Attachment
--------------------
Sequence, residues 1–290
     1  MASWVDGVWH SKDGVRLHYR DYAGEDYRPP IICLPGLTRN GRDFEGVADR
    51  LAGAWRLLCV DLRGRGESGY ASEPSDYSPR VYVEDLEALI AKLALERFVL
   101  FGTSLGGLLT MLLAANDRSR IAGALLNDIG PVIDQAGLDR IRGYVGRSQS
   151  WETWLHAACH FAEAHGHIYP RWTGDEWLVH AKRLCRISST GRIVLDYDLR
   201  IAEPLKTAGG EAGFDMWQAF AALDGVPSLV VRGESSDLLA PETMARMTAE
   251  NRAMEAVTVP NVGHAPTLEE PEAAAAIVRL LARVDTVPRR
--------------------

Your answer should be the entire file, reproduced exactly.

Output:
Sequence, residues 1–290
     1  MASWVDGVWH SKDGVRLHYR DYAGEDYRPP IICLPGLTRN GRDFEGVADR
    51  LAGAWRLLCV DLRGRGESGY ASEPSDYSPR VYVEDLEALI AKLALERFVL
   101  FGTSLGGLLT MLLAANDRSR IAGALLNDIG PVIDQAGLDR IRGYVGRSQS
   151  WETWLHAACH FAEAHGHIYP RWTGDEWLVH AKRLCRISST GRIVLDYDLR
   201  IAEPLKTAGG EAGFDMWQAF AALDGVPSLV VRGESSDLLA PETMARMTAE
   251  NRAMEAVTVP NVGHAPTLEE PEAAAAIVRL LARVDTVPRR